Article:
“Down through the village with a broomstick in his hand / Running here and there, all around the square, shouting ‘Catch me if you can.'”
Okay, a magical snowman does that, and he’s a beloved holiday story.
But when I do it, I’m a public nuisance.
I’ve been told by those who know these things that tonight, the night before Thanksgiving, is the busiest night of the year for bars, taverns, and nightclubs. If you’re hitting the town tonight please be mindful of this and be extra kind to your greeter, bartender, server, and bus help.
And as always – tomorrow, if you need to purchase anything – gas for the car, a coffee, some ingredient that was overlooked – please thank the person who serves you. We’re able to enjoy our holiday because they are working on theirs. It doesn’t have to be over the top; just say something like, “Thanks for working today. It’s making my day easier.”
Just my .02. Word to the herd.
Today is opening day for the 152nd Minnesota State Fair. The Great Minnesota Get-Together, the largest state fair in the US by average daily attendance, and second only to Texas in total attendance. It’s a late-summer tradition for hundreds of thousands of Minnesotans, who come out to celebrate all that our great state has to offer. The State Fair balances traditional hallmarks and modern expectations, and creates summertime memories for rural families and urban dwellers alike.
And you know what that means, don’t you?
KOOL 108 has started playing Christmas music.
There’s a warm feeling in the air that no other holiday season can match. Family and friends are beginning to gather together to share warm feelings of affection and celebration. Small children wait in breathless anticipation for Santa’s visit, and the happiness and excitement it will bring.
And you know what that means, don’t you?
The radio stations have begun their Valentines Day promotion.
A couple was in a busy shopping center just before Christmas. The wife suddenly noticed that her husband was missing. And since they had a lot to do and very little time to do it in, she called him on her cellphone.
The husband answered. “Hello, dear.”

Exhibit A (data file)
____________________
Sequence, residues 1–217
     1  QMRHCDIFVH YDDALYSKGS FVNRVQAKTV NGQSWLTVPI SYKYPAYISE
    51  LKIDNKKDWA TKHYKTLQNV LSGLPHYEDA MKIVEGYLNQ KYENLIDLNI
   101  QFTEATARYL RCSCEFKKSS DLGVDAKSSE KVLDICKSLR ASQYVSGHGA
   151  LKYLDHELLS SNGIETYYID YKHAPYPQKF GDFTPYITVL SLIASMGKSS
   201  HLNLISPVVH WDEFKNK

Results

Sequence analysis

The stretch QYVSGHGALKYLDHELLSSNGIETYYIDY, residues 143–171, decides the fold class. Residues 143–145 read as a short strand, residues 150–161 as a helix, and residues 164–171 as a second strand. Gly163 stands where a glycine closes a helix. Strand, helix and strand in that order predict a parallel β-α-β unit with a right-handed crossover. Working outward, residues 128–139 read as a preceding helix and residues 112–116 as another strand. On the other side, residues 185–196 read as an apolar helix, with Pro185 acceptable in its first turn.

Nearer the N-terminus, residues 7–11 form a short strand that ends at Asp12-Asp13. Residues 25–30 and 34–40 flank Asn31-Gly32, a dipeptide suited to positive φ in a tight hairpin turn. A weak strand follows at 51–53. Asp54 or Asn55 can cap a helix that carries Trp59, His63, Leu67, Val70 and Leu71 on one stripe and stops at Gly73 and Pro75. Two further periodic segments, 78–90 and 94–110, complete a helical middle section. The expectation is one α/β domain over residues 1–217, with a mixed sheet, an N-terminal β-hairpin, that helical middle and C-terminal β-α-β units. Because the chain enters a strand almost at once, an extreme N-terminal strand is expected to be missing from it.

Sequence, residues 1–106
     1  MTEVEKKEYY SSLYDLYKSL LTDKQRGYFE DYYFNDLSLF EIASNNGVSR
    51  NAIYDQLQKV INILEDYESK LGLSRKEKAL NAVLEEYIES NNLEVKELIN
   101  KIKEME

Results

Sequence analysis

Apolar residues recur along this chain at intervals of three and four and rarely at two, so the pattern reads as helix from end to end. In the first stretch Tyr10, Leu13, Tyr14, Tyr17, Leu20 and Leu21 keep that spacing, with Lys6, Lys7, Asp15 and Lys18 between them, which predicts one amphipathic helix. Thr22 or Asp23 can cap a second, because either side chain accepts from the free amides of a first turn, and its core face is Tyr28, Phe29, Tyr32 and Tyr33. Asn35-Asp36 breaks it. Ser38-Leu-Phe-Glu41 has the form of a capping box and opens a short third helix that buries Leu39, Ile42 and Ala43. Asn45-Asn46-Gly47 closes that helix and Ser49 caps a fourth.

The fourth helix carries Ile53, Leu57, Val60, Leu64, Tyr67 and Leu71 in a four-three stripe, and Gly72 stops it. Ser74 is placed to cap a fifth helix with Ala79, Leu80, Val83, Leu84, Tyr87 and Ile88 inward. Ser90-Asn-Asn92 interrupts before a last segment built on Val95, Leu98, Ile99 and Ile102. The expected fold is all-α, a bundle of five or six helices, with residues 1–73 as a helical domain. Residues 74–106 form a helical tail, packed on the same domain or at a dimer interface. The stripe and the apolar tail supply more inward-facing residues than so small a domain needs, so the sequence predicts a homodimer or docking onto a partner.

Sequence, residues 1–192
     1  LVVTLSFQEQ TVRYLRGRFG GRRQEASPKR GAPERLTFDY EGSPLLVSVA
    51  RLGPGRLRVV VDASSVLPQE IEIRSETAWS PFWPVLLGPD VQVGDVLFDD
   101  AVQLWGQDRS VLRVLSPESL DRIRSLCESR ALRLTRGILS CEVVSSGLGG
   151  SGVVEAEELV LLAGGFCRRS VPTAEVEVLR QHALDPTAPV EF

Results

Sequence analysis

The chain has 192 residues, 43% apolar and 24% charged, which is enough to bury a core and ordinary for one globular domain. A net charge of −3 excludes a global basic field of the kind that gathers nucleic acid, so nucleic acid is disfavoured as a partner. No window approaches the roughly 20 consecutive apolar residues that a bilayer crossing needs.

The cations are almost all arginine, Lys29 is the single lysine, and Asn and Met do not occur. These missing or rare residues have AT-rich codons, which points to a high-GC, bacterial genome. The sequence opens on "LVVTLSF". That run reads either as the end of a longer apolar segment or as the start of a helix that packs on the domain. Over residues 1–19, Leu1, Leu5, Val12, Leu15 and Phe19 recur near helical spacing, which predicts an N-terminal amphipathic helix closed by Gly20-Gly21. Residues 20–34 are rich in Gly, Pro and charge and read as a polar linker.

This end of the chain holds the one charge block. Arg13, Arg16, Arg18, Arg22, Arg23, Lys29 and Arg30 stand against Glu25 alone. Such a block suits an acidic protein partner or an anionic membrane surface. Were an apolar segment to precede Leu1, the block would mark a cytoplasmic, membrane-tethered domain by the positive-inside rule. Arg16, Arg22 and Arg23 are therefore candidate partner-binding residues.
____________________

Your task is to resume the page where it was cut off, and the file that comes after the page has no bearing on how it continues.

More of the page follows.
“Where are you?” she asked. “You know we have lots to do.”
“Darling,” he said, “do you remember the jewelers shop we went into about ten years ago? Where you fell in love with that diamond necklace?”
She gasped. “Why… yes… I do.”
He continued. “I could not afford it at the time, but I said that one day I would get it for you? Do you remember that shop?”
Little tears started to flow down her cheek, and she got all choked up. “Yes, I do remember that shop,” she gasped.
“Well,” he said, “I’m in the bar right next to it.”
is the design an international food chain put on its holiday cups –
– you need to drop to your knees each morning and give thanks to Jesus for allowing you a life that is so blessed and carefree that you have the luxury of –
– getting your (holiday-themed) panties in a wad about the design an international food chain put on its holiday cups.
That is all.
Kind of a holiday tradition.
The directions on the box say: “Bake for 25 to 30 minutes, or until a fork inserted in center comes out clean.” So I inserted a fork in the center.
It came out so clean that I inserted all the dirty forks from the sink, and they all came out clean too.
At a Christmas Eve service, the preacher was telling his congregation that the entirety of the human experience could be found in the Bible. Anything they could think of, old or new, he said, was discussed somewhere in the Bible, and every aspect of our daily lives will be addressed there.
After the service, he was approached by a middle-aged husband who said, “Preacher, I don’t believe the Bible mentions PMS.”
The preacher smiled, opened his Bible, and began to read: ” . . . and Mary rode Joseph’s ass all the way to Bethlehem.”
No, you don’t.
Can you imagine if every single day, week after week, year after year, was Christmas?! Shopping to give people presents every day? Decorating your home and preparing Christmas dinner every day? Arranging time off of work and traveling to visit friends and family? Virtually every business and office closed? Plus all of your favorite TV shows postponed, and nothing but Christmas songs on the radio… forever?!
And what about poor Santa? Having to make that trip every single night of the year?
More importantly, you’d soon get sick of it being Christmas. Holiday fatigue would set in; too much of a good thing. It would become just another dopey, predictable, routine drudge. “Oh, man, Christmas again already. I’m barely recovered from yesterday’s Christmas…”
“After a while turkeys got to be awfully scarce, selling for about a thousand dollars apiece. They got to passing off almost anything for turkeys–even half-grown hummingbirds. And cranberries–well, they asked a diamond apiece for cranberries. All the woods and orchards were cut down for Christmas trees. After a while they had to make Christmas trees out of rags. But there were plenty of rags, because people got so poor, buying presents for one another, that they couldn’t get any new clothes, and they just wore their old ones to tatters.” – From “Christmas Every Day” by William Dean Howells
No, it’s probably a very good thing that every day is NOT Christmas.